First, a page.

When I was planning on giving the PC to Roman, I’d installed an even lighter version of Ubuntu called Xubuntu on the machine. It was meant to be even more resource friendly. But when I got ready to use this PC as the base for El Arcadio Pequeno (Now the name for my arcade machine) I didn’t need all that extra fluff that comes with a multi purpose machine. Nope, this baby had only one primary purpose in life, playing arcade games as efficiently as possible.

    Wiley, who is a Linux Operator, who had been ragging on me forever to finally get Ubuntu, now started telling me I needed to man up and start using Arch Linux. This project seemed like the perfect time.

    Arch Linux is as bare bones as bare bones can get. You get the install cd, boot your PC off of it, run through the setup and all you wind up with is a command line. So basically, you build your operating system from scratch. The benefit of this is you don’t get a single thing you don’t want, and you get to choose everything you do want and which version. It’s a hell of an undertaking, but everything is very well documented on the Arch Linux Wiki and when you get it running you’ll have a real sense of accomplishment. Oh, and did I mention it’s fast? Even on that old computer everything you click on opens immediately.

    I originally installed Openbox as a Windows Manager and Rox as a Desktop/File Manager (You’ll get to all this when you start installing Arch), but after a couple weeks of using it, it just wasn’t to my liking. I did a bit of research at work and decided to go with a more integrated Desktop Environment. Ubuntu is built off of the GNOME Desktop Environment and I’ve dabbled with KDE on other computers, so I decided to go in a different direction. I settled on LXDE. It’s based off of X, which you’re pretty much required to install with Arch and it’s very light on the resources. Plus it’s slick as hell. I paired it up with SLiM as a Login Manager and we were off to the races.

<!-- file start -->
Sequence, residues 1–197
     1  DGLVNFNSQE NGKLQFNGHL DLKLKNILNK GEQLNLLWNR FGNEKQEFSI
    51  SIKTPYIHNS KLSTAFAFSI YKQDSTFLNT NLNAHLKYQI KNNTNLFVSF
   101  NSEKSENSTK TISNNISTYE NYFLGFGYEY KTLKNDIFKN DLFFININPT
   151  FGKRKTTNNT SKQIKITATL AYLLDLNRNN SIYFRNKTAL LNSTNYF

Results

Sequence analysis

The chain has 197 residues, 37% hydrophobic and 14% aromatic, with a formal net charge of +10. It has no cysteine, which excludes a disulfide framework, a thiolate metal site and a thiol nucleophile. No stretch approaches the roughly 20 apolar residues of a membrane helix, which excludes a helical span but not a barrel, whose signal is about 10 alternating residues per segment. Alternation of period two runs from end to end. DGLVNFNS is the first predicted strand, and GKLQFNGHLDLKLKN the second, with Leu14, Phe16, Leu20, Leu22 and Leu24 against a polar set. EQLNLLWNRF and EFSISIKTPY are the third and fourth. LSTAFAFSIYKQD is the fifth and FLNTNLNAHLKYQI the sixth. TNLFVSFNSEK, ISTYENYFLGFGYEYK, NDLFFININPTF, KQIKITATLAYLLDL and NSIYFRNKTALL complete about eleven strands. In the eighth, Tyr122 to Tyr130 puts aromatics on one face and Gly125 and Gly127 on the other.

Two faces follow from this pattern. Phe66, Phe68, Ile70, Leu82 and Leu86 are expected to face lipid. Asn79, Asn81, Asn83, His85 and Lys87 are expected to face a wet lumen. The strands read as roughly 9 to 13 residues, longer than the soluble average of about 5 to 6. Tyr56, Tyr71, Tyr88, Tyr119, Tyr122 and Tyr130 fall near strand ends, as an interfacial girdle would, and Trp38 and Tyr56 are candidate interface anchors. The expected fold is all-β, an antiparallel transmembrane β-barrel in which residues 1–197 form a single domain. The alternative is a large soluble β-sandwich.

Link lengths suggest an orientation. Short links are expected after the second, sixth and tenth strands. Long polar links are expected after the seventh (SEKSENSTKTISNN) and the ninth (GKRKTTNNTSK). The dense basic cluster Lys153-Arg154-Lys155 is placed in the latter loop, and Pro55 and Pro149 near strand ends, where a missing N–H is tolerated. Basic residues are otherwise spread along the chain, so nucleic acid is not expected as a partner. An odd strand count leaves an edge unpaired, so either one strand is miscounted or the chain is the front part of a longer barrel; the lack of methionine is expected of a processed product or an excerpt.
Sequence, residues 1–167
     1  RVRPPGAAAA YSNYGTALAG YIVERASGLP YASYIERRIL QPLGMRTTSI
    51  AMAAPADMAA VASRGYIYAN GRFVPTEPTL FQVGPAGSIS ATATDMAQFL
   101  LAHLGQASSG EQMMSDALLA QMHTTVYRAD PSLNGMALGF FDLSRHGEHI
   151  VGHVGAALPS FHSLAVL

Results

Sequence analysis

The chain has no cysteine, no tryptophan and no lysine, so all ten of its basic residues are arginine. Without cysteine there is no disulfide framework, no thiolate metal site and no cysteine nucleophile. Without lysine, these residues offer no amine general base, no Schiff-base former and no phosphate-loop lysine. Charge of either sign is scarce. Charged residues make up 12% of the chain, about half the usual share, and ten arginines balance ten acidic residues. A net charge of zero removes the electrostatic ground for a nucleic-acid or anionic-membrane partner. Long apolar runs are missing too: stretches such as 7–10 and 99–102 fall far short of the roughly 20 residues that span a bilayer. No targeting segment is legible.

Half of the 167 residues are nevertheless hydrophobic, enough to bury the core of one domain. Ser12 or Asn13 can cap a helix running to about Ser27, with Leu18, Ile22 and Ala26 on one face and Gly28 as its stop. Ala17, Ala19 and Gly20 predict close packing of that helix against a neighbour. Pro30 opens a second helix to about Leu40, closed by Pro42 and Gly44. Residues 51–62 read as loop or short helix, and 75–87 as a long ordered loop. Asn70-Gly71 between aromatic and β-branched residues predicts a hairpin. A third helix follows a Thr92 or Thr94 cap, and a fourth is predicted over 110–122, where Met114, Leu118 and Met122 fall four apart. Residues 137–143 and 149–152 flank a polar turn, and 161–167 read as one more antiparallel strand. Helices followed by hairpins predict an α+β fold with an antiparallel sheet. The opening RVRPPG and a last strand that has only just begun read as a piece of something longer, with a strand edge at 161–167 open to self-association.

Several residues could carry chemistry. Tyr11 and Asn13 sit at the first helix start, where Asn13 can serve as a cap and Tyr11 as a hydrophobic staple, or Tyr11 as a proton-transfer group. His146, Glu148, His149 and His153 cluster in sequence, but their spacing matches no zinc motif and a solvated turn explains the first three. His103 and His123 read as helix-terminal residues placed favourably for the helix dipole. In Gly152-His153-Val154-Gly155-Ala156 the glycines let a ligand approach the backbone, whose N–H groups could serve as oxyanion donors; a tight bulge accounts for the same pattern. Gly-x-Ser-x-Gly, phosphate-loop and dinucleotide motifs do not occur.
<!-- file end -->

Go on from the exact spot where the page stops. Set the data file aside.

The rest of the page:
The Emulator and the Frontend
    The one downside to using Linux is there aren’t nearly as many versions of the MAME emulator and they aren’t nearly as user friendly. Fortunately there’s the official build for Linux called SDLMAME, but it’s command line only, so it’s not the simplest thing on Earth to use. Command lines and thousands of individual files don’t really go together all that well. For example, if you wanted to play pacman, you’d have to open up a terminal, cd over to where the SDLMAME program is located, and type in:

    sdlmame pacman

    Not too tough for that one, but what if you want to play Cherry Bonus III (alt)? The filename for that one is cb3b. There’s no good way to remember all those names. What you need is a program called a Frontend, which is basically just a graphical representation of what games you have. You select a game and it commands the emulator to start.

    There were two specific emulators I was looking at using: SDLMAME and AdvanceMAME. SDLMAME I’ve already explained, but AdvanceMAME is great for people building their own arcade machine since it has some really cool video effects for different monitor layouts. The only problem with it is, it’s not updated very often. I installed it and it’s sister Frontend, AdvanceMENU, but in the end they were just too far behind in terms of official MAME updates.